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How To Get Politically Involved Over Summer Break Ahead Of The Midterms

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Summer is just around the corner and you're itching to check items off that neglected 2018 New Years Resolution list, amirite? With the midterm elections coming up this fall, if you've been wanting to get more active in politics, now's your time to shine. Here are a few ideas on how to get politically involved over summer break (and fortunately, it won't be as hard as your finals).

There are plenty of ways to get active, even if you're never done anything activisit-y before, from the local to the national level. Before diving into the nitty gritty, here's my personal two cents on how to get your gears turning: Start by taking inventory.

Who or what do you want to support? Do you want to support your party in general? A cause, like climate change or gun control? A specific candidate?

How much time can you afford to give? Are you looking to march a couple of Saturday mornings, or put in some hours on social media management every week?

What are your resources? For example, do you have access to a car? Do you have a house that can host events?

What are your skills and abilities? Do you know your way around a camera? Are you an Instagram magician? Life of the party? Good at working with numbers? These are all useful skills that any activist group can put to work. (Hint: Volunteering is also a great opportunity to build new skills that look good on a résumé or LinkedIn profile!)

Inventory, check! Next steps: Know what you know and what you don't know. (You may already have these two on lock, but if not, they're exercises worth doing.)

Educate yourself. Read up on political issues or social issues that interest you. Ask to borrow your roommate's political science textbook or Econ study guide.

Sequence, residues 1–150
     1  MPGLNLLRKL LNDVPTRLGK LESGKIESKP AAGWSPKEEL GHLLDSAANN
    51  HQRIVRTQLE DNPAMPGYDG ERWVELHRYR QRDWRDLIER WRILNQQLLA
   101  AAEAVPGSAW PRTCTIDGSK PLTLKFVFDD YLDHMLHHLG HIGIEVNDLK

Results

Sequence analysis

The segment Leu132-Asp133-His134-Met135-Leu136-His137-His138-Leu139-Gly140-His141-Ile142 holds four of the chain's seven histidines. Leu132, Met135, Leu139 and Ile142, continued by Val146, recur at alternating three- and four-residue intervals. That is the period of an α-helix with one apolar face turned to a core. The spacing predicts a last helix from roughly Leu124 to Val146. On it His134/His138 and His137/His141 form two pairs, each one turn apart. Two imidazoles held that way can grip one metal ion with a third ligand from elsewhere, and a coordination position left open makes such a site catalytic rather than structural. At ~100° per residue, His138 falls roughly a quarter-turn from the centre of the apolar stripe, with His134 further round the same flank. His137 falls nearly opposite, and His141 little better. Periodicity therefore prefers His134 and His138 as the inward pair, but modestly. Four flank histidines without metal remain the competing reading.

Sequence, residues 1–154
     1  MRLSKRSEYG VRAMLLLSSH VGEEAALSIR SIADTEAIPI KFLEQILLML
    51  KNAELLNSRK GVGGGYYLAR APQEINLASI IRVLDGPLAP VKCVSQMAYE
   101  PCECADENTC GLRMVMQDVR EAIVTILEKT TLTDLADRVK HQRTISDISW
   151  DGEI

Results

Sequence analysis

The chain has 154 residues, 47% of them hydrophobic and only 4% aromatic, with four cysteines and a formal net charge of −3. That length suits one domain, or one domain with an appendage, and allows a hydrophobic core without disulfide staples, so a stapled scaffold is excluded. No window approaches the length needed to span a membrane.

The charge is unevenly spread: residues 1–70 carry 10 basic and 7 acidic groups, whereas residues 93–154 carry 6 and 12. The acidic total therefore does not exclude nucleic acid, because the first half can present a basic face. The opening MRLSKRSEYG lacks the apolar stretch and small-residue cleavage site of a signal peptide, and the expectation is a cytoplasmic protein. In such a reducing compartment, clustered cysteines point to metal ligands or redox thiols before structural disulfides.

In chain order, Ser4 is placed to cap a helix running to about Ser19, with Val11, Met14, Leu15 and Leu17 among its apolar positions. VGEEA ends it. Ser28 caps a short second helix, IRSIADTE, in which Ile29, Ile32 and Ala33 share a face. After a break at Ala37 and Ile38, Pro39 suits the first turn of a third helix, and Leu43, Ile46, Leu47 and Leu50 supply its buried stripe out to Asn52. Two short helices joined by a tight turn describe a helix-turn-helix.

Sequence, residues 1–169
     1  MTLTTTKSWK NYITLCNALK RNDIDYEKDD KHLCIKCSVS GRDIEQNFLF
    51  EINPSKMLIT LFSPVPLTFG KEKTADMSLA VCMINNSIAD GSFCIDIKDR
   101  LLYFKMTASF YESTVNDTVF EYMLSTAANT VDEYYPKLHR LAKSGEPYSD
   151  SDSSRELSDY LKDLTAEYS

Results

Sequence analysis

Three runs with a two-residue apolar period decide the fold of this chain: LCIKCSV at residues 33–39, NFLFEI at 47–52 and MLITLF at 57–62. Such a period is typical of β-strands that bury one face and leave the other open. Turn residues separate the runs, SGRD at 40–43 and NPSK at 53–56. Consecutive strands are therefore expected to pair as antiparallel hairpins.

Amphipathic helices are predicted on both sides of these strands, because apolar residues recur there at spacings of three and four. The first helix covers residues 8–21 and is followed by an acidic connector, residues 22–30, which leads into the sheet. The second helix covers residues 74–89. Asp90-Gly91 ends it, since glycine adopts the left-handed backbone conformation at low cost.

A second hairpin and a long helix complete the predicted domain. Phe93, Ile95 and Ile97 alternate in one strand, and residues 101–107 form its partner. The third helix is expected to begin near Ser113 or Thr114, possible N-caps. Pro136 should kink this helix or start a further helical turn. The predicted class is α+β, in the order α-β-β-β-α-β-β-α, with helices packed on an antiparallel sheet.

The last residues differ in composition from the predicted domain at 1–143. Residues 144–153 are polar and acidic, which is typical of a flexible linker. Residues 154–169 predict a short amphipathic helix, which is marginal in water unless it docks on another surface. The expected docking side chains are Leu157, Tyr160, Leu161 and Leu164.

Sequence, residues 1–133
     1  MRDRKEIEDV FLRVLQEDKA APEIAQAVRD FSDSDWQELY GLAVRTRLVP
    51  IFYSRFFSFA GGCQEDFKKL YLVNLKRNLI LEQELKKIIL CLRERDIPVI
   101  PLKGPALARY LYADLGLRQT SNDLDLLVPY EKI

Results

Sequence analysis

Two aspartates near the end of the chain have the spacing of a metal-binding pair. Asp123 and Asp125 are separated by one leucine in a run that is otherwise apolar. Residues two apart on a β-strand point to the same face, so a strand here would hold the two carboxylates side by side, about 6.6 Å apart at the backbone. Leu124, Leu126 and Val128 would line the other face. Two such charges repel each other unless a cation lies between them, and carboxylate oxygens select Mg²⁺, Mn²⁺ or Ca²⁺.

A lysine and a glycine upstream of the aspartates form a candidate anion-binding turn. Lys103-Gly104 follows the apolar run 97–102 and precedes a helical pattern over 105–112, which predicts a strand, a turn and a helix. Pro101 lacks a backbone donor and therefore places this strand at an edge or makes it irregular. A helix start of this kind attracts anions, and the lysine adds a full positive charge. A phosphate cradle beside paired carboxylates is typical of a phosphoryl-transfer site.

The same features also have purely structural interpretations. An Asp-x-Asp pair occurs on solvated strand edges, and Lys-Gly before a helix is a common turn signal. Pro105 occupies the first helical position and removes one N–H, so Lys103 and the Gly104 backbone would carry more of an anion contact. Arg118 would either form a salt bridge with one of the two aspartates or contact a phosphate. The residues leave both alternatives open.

Identify a community. Obviously, if you prefer to fly solo, by all means. But usually, reaching out to others already involved in the same issues and arenas will make your life much easier (and a whole lot more fun). Scour the web for Facebook groups, Meetup groups, and political advocacy chapters in your area. Reach out to people you know who are already involved to see what they're involved in, and how they got there.

With that in mind, the possibilities for getting politically involved are endless. Here's a few concrete ways to turn your potential into action.

Look for political groups on campus. Is there a political activism or other cause-based group with a chapter already active at your school? Summer is the best time to do your research and plan ahead so when fall term starts, you've got an idea of what you'd like to sign on for. Not seeing what you want? Don't be afraid to start a chapter or political club of your own. Now's the time to lay the groundwork. Find out what it takes to start an official club on your campus, call in those study buddies you met in your PoliSci courses, connect with professors who have your back and might support your group, and make power moves.